Reply
    • Trisha Thomas
      Trisha Thomas
      2013/04/29

      THE COW ATE MY HOMEWORK!!!! I love that story…it is so sweet. I wonder where sweet little Philemon is now. Thank you so much for sharing that story Tom — I can’t wait to tell my kids.

      Reply
      • Avatar
        TR Lansner
        2013/05/01

        Philemon was already full-grown…! Some of my students were ‘returnees’, in school after earning enough for fees by working in mines near Joburg…

        Reply
        • Trisha Thomas
          Trisha Thomas
          2013/05/02

          There are many cases and many places where priority needs to be given to the human beings over the animals. In many places children still work as the beasts of burden.

          Reply
  14. Avatar
    Lisa | Renovating Italy
    2013/04/29

    Wow Trisha look how beautiful you are and what an incredible experience trekking that way. I am struggling in the borgata with the way some of the locals treat the animals. One particular dog is having a miserable life, often on a chain and recently hit by a car…they have taped his leg up with gaffa tape and he is now in with the goats and I have an awful feeling he won’t be around for long. My daughter and I befriended him and I just don’t understand the way these people treat the animals. They now have a new puppy but we have been told we are not to touch him or pet him as he is to be a working dog. Very frustrating x

    Reply
    • Trisha Thomas
      Trisha Thomas
      2013/04/30

      Thank you Lisa. I was 14 (younger than two of my own children now) and I was the only girl on that camel trek. I loved it, it was one adventure after another. We finally arrived at the Naro Moru River (I think that was its name) and camped beside it for several days. The river is filled with crocodiles and everyday we took turns swimming in it while someone stood guard. I loved it.
      Your stories of the dogs in the village are heart-breaking. Maybe, eventually, when you get to know the people a little better, you can talk to them about it. Although this has nothing to do with mistreatment, I heard about a British couple with a dog in Rome who couldn’t stand the way everyone else on their street let their dogs poop all over the sidewalk without cleaning it up. The couple spent some time talking to every dog owner on the street and eventually convinced all of them that it would be much more pleasant for everyone if they cleaned up. I was amazed. Obviously mistreatment is a different issue, but someday maybe you could try. Goodluck with that.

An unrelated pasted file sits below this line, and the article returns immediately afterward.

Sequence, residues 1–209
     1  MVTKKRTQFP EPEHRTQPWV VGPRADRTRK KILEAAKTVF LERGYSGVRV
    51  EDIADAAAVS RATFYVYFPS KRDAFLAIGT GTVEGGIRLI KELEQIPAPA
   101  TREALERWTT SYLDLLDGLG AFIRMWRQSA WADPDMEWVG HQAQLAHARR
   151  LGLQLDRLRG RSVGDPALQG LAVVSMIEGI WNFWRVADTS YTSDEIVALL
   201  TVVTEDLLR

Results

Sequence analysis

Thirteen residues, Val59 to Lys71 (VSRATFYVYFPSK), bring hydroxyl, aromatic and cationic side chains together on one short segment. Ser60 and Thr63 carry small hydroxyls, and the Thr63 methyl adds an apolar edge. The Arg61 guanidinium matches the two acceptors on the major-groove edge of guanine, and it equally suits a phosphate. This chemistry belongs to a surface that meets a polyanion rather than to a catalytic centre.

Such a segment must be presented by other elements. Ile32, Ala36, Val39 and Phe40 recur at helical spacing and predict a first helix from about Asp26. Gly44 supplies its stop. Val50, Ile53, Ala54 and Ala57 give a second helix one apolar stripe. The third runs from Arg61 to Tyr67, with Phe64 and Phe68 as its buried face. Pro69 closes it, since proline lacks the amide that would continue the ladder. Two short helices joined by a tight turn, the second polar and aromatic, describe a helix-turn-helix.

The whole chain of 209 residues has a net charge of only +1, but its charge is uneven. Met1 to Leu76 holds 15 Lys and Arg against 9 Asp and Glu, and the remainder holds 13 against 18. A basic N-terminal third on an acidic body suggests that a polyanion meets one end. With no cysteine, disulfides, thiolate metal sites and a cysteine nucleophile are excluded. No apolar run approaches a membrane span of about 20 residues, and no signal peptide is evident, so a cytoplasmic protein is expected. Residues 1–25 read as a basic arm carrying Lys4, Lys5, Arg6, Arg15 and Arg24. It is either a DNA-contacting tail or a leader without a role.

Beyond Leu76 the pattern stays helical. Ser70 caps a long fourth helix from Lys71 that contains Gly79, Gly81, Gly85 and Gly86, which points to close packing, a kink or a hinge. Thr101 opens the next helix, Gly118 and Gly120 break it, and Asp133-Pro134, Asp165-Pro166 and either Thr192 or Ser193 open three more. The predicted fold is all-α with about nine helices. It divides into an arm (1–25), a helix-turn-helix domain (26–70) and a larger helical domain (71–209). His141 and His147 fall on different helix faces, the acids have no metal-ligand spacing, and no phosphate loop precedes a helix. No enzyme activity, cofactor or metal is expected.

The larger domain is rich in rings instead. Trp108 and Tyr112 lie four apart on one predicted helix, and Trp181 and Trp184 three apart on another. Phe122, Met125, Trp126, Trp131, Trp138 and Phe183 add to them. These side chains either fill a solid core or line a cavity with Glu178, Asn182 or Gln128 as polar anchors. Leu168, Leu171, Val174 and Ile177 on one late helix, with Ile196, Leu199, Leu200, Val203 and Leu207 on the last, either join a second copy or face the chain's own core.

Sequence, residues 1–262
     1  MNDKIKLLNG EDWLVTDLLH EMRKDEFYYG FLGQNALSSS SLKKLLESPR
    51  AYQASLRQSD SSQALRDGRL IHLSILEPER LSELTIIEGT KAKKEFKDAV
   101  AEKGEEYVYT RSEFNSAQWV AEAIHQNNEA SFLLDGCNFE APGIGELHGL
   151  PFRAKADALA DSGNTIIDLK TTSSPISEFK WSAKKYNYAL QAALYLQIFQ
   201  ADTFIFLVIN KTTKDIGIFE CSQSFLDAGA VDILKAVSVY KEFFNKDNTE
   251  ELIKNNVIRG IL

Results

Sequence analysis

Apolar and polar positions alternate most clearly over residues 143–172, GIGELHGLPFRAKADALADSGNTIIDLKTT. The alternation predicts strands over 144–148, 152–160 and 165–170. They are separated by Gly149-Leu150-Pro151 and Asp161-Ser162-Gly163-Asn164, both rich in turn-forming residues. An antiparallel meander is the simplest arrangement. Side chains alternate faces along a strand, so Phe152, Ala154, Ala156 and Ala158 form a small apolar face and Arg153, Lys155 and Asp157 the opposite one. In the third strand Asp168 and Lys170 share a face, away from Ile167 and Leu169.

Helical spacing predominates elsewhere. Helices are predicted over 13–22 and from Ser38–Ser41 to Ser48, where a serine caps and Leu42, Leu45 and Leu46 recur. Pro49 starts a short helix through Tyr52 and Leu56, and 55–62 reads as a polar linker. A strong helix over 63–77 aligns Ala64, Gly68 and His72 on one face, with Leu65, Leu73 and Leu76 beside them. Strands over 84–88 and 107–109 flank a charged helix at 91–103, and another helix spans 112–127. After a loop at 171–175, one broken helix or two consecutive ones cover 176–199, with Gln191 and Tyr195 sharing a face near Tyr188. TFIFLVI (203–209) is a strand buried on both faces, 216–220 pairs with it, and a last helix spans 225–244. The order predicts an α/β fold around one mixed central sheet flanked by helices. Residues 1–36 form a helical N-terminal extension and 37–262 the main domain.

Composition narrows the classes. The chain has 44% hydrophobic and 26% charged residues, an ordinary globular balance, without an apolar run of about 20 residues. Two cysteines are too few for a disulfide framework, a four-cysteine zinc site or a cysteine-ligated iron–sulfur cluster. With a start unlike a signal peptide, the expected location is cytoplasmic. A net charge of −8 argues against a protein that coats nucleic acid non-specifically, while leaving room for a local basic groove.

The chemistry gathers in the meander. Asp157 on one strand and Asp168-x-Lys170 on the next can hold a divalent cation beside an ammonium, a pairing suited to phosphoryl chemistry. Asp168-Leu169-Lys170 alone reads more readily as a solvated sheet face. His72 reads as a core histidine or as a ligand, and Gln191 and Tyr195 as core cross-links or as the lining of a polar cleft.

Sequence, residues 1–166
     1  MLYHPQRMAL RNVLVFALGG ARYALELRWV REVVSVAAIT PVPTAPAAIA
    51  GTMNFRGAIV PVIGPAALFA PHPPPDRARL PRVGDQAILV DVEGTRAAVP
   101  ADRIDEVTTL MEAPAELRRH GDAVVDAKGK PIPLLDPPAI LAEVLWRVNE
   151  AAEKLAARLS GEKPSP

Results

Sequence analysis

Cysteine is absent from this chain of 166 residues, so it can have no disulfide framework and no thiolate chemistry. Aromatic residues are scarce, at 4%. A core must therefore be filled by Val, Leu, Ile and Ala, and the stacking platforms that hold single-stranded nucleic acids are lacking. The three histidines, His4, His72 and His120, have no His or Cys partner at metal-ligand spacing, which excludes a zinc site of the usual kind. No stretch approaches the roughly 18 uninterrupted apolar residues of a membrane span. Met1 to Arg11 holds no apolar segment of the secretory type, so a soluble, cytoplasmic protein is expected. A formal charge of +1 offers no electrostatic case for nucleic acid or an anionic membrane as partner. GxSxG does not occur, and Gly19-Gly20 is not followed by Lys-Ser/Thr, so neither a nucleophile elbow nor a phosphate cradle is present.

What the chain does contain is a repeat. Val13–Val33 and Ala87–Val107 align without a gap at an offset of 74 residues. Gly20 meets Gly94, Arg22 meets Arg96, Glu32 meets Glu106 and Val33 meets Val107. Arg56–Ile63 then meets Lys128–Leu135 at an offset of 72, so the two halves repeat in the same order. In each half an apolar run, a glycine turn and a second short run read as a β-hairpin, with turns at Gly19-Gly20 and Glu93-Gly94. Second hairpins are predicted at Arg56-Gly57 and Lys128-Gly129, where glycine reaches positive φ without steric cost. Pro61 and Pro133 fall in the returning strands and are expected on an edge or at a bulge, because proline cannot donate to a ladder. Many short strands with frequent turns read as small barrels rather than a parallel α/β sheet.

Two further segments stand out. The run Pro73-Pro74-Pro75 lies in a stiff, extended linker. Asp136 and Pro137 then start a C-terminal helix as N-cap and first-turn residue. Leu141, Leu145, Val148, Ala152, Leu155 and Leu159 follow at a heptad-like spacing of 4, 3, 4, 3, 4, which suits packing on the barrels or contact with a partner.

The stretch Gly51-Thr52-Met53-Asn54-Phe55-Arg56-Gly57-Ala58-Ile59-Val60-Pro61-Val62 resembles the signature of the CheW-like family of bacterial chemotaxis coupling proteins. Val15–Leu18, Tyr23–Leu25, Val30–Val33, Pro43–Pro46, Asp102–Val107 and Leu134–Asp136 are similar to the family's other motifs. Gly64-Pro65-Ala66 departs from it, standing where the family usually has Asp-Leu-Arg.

Reply
  15. Avatar
    Aliina Mayes
    2014/01/14

    On a serious note, the level of animal cruelty in Marrakesh was disgraceful. If you do go there, if you can, spend £1 on a bucket from the market and get some water from the town square, it’s all in walking distance, where the horses drink from, and give those poor donkeys a drink. The horses were better looked after than the working donkeys.

    It breaks my heart to see such cruelty going on. I was crying on my Birthday… it was pretty harsh to see. I’m a bit of a sensitive soul.

    Don’t tell me you have £300 for a holiday and you can’t spare £1 for a bucket and ten minutes to walk with fresh water for the suffering donkeys. If more people did this, it would send out a very loud message against cruelty, and you don’t need to speak their language to communicate that.

    If you want to read more : http://www.actionforourplanet.com/#/blog/4553718851/Animal-Suffering-in-Marrakesh/26500

    I would also urge the Morroccon tourist boards to invest some of the local tax that they charge you on visits, back into animal welfare, because I certainly will not be visiting Marrakech city again until the animal welfare is sorted out.

    Reply
  16. Avatar
    Cori Snyder
    2014/06/14

    I am just now traveling back home US from Marrakech and cannot get the images of the poor horses and donkeys being worked, literally, to death. The sun, the workload, never ever being free from their carts to get shade or water, to see them collapse from exhaustion, almost breaking their legs, while getting whipped to stand back up makes me hate these people that do this. I don’t care how poor and desperate you are, treating a living creature worse than a machine, using them and abusing them daily, hourly in such horrible conditions is unforgivable. I’m truly saddened by this experience

    Reply